The pound climbed higher versus the US dollar during the course of last week. However, sterling’s strength was tested as the new week kicks off and the pound tumbled, pulling the pound US dollar exchange rate 0.5% lower to US$1.3120 for the pound.
|What do these figures mean?|
When measuring the value of a pair of currencies, one set equals 1 unit and the other shows the current equivalent. As the market moves, the amount will vary from minute to minute.
For example, it could be written: 1 GBP = 1.28934 USD
Here, £1 is equivalent to approximately $1.29. This specifically measures the pound’s worth against the dollar. If the US dollar amount increases in this pairing, it’s positive for the pound.
Or, if you were looking at it the other way around: 1 USD = 0.77786 GBP
In this example, $1 is equivalent to approximately £0.78. This measures the US dollar’s worth versus the British pound. If the sterling number gets larger, it’s good news for the dollar.
Sterling was showing signs of resilience in the previous week as it managed to climb higher. The pound gained ground despite the continuing stalemate in Brexit talks and despite Prime Minister Theresa May losing two of her cabinet ministers.
Just as Theresa May was trying to steady the ship, UK newspaper The Sunday Times reported that 40 members of the Prime Minister's Conservative party are ready to sign a letter of no-confidence. Should this report be correct, it means that just 8 more would need to sign the letter in order for a vote of no-confidence to be triggered. This could potentially lead to leadership battle within the Conservative party at a crucial point during the Brexit negotiations. The potential political instability has unnerved pound traders.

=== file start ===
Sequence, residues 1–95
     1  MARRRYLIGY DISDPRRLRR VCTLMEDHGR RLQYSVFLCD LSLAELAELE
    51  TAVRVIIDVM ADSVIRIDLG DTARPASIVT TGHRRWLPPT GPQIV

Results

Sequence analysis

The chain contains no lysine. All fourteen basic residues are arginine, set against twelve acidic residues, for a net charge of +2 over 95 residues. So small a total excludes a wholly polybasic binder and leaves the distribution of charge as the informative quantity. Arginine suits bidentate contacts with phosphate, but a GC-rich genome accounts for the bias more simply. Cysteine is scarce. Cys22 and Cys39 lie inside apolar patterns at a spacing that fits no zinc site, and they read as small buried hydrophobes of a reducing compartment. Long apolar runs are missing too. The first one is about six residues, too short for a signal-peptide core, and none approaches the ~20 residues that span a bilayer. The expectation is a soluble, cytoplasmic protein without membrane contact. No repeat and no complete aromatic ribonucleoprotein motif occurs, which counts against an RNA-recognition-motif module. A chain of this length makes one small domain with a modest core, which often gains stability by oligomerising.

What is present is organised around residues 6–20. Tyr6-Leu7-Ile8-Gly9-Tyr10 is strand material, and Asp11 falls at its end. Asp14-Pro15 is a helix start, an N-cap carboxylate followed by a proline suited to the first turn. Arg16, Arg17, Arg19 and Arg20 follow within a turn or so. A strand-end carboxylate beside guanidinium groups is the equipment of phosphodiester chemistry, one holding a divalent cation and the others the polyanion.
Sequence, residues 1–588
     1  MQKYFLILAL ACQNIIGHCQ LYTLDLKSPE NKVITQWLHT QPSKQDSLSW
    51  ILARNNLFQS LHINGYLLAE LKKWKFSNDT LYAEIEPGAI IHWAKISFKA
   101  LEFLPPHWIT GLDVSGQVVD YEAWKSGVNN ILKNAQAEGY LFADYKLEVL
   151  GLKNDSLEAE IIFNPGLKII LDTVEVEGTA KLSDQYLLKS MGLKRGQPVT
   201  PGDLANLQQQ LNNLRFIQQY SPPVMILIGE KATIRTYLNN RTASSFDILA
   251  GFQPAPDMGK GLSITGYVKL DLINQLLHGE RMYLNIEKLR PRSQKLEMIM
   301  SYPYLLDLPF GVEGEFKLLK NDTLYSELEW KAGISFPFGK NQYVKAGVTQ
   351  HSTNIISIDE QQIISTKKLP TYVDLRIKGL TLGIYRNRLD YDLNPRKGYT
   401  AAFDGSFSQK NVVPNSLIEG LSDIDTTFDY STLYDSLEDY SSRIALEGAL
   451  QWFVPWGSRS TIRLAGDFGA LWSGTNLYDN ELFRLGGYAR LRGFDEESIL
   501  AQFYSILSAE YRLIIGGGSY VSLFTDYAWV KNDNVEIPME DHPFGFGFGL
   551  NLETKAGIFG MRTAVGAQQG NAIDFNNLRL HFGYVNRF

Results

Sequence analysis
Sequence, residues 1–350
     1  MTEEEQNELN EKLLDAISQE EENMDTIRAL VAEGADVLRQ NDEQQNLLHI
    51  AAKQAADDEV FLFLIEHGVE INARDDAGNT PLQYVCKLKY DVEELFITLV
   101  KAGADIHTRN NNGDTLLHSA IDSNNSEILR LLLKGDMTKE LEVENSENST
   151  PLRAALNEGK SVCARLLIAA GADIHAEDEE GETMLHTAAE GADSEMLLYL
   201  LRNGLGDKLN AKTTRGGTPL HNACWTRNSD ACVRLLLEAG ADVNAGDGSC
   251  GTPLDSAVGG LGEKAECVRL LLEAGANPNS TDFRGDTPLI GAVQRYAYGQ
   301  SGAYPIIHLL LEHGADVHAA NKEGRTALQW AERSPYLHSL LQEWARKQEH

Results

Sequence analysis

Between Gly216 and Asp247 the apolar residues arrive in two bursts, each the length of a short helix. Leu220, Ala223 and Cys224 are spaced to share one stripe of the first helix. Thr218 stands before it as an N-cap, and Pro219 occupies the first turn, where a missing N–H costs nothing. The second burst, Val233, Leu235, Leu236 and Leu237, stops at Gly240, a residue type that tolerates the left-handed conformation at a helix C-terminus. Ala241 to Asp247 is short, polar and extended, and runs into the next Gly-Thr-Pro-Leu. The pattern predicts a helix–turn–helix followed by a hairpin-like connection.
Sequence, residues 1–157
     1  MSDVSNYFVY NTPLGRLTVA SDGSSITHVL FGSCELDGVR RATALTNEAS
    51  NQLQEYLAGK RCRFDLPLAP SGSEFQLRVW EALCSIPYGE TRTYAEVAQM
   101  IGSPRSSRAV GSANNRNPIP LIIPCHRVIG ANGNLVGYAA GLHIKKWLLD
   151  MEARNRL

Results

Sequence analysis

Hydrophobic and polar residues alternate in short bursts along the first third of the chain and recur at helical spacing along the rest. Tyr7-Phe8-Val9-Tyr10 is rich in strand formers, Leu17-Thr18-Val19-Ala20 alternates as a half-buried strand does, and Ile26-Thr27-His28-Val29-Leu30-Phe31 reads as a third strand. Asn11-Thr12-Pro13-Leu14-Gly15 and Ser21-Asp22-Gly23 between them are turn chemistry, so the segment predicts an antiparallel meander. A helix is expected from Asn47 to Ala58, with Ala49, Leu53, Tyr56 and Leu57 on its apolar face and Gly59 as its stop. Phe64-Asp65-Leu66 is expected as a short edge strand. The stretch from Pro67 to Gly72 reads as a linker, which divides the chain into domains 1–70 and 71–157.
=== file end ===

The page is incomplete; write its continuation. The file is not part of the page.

|How does political stability boost a currency?|
|Political stability boosts both consumer and business confidence, which means corporations and regular households alike are more likely to spend money. The increased spending, in turn, then boosts the economy. Foreign investors prefer to invest their money in politically stable countries as well as those with strong economies. For foreign investors to put their money into an economy, they need local currency. As they acquire the money needed, the demand for that particular currency increases, which then boosts its value.|
While politics looks set to be a key factor in the week ahead for the pound, economic indicators could also play a central role in driving sterling’s direction. Tomorrow sees the release of inflation data, the first high impacting indicator in a busy week of data releases.
The mood towards the dollar soured in the second half of last week. With little on the US economic calendar for investors to focus on, their attention was squarely on US tax reform setbacks, which pulled the buck lower.
The House of Representatives and the House of Senate both proposed vastly different versions of the tax reform last week. The Senate Republicans underwhelmed the investors with their version, crucially proposing that corporate tax cuts are delayed until 2019, instead of the initial news that they would begin around the turn of this year.
The dollar slumped heavily at the end of last week on these concerns. Traders had been assuming that Trump’s pro-growth inflation boosting policies would be implemented quickly, forcing the Federal Reserve to quicken their interest rates setting cycle. If there are signs of these policies delaying further, the dollar can fall.
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